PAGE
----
PRESIDENT’S MESSAGE by Thomas Macrina, CEC, CCA, AAC
Thomas Macrina, CEC, CCA, AAC,
a Food Fanatic, product specialist
manager and executive chef with US
Foods, Bridgeport, New Jersey, has
served as ACF national president since
July 2013. As he prepares to step down
July 13, he sat down with NCR to talk
about the last four years.
Why did you decide to run for president?
To enact change and take ACF
forward so we could grow and prosper
as a professional organization. I knew
we had to serve members and potential
members on a new level. So much had
changed in the world since I joined ACF
nearly 40 years earlier—not only huge
advancements in technology, but attitudes
toward work/life balance and beliefs
about where foodservice is headed. I
looked forward to the challenge.
What surprises were there in the first
I soon came to realize that I couldn’t
really do what I wanted to, at least, not
right off the bat. And I was surprised that
so many people had personal agendas.
I could see where we should be headed,
and I had ideas about how to get there,
but I needed to take others on the journey
with me if we were going to succeed. I
was working with a board of directors
and the chairs of various commissions,
and we all had to recognize the
importance of compromise.
What skills/experiences are needed?
A good business sense is vital.
The business of being a membership
organization means that we must meet the
needs of our customers—the members.
It’s the same in foodservice. If you
don’t satisfy your customers, they’ll go
elsewhere to have their needs met. But
you can’t ignore the other factors that
go into running a business. There’s the
budget and day-to-day administration, as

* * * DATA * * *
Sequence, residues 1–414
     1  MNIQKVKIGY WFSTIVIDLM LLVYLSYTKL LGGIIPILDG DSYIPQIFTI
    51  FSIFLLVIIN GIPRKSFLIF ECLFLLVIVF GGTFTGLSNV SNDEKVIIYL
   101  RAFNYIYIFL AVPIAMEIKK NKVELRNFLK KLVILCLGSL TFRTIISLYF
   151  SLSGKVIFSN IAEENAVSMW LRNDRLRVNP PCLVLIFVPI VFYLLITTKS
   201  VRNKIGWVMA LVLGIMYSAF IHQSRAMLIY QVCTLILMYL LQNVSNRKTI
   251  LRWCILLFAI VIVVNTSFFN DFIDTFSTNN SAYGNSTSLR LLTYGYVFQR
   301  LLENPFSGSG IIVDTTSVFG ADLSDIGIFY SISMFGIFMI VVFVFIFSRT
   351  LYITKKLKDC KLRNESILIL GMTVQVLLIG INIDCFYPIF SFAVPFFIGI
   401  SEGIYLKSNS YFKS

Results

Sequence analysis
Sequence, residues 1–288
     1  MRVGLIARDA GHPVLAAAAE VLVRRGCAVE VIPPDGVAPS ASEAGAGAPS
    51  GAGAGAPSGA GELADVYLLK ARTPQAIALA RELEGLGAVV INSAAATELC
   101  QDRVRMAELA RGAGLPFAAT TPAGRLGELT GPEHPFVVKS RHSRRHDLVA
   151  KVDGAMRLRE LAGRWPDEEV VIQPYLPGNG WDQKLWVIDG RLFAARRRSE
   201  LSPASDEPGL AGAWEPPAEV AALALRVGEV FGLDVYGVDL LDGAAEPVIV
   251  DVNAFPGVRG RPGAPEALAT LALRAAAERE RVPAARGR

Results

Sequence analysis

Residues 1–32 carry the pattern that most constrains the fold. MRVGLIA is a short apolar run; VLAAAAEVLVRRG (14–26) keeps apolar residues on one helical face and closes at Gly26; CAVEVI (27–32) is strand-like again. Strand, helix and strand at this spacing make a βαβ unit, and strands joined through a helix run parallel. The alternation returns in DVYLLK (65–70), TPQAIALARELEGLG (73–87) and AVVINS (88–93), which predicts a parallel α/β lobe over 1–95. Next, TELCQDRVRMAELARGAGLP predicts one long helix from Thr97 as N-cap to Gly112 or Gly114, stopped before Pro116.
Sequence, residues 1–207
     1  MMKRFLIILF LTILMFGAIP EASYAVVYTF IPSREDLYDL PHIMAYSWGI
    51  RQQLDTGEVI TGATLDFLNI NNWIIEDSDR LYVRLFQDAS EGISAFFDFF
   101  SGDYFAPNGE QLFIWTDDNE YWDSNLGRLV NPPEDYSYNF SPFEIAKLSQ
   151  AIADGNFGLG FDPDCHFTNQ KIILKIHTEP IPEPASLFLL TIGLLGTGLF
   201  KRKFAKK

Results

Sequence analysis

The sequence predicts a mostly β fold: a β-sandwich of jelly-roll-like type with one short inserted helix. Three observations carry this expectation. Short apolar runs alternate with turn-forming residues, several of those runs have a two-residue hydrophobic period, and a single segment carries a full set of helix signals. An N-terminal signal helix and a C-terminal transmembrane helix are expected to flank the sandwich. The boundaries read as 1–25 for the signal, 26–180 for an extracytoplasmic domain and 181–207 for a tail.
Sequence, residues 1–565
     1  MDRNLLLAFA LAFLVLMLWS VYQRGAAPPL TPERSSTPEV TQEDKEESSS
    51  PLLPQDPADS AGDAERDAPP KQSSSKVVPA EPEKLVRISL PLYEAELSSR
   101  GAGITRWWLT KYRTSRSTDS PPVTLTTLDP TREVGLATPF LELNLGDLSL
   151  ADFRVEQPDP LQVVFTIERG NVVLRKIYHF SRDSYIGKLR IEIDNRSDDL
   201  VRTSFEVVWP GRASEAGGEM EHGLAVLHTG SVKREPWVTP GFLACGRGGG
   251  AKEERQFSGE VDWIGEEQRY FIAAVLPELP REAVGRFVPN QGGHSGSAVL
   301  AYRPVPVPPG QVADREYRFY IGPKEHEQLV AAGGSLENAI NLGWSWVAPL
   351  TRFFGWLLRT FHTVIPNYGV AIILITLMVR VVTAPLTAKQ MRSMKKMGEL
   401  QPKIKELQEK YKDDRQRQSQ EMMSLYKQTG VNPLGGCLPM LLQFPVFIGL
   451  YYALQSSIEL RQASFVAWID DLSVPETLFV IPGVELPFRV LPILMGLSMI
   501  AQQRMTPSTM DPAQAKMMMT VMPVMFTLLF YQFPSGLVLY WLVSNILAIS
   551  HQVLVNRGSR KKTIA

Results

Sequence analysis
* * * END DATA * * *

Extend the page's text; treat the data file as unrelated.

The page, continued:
well the look and feel of the organization.
Do we have a strong, compelling
message? Is our brand obvious to those
outside ACF? What, exactly, are we
“selling,” and what can we persuade
people to “buy?”
What’s a favorite accomplishment
from your two terms in office?
We changed the way the certification
commission operates to ensure that
everyone going through the certification
process is treated fairly and respectfully.
ACF certification has a 40-year history,
and 2015 was a turning point in starting
to create and develop new standards
for certification going forward. We
also improved ACF’s relationship with
Worldchefs. Every ACF member is also
a member of Worldchefs, and the two
organizations have a long shared history.
An ACF member recently served as
president, and several ACF members are, or
have been, involved in various capacities.
Today, through an agreement between
ACF and Worldchefs, ACF-certified chefs
can earn a globally recognized professional
certification. ACF certification is already
seen as the industry standard in the U.S.
and North America, and aligning it with the
Worldchefs certification adds international
recognition for the achievement of our
Who was your go-to person for advice?
I had conversations with past and
present ACF officeholders, as well as
with a wide range of industry leaders. I
have a huge respect for experience, and I
was willing to listen and get advice about
what works and what doesn’t. I wanted to
draw on the vast experience of those who
had led ACF in the past and learn from
their accomplishments and failures. With
industry leaders, I wanted to explore
how ACF could contribute to the bigger
foodservice picture. What did they see
as ACF’s role? What were our strengths
and weaknesses? How might ACF make
Talk about juggling your job, board
duties and family commitments.
It took a miracle—actually, a
series of miracles—and at times it was
extremely difficult. It’s impossible to be
everywhere at once, and I often had to
make hard choices. We want to be all
things to all people—there’s a little bit
of the superman/superwoman in all of
us. You choose the best of all possible
scenarios in a particular situation, and
trust that you made the right choice. You
also learn to cut yourself some slack, and
say no sometimes.
You had two terms as American
Academy of Chefs chair before
becoming president. How did that
It helped immensely, because the
two groups mirror each other in many
ways. AAC is like a mini ACF, run by a
board and relying on committees to work
in various areas of the academy. AAC is
also in the business of serving members.
I learned about the inner workings of the
AN HONOR TO SERVE
OPPOSITE FROM TOP: Thomas Macrina, left, with
2016 ACF Culinary Team USA. Cathy and Tom Macrina.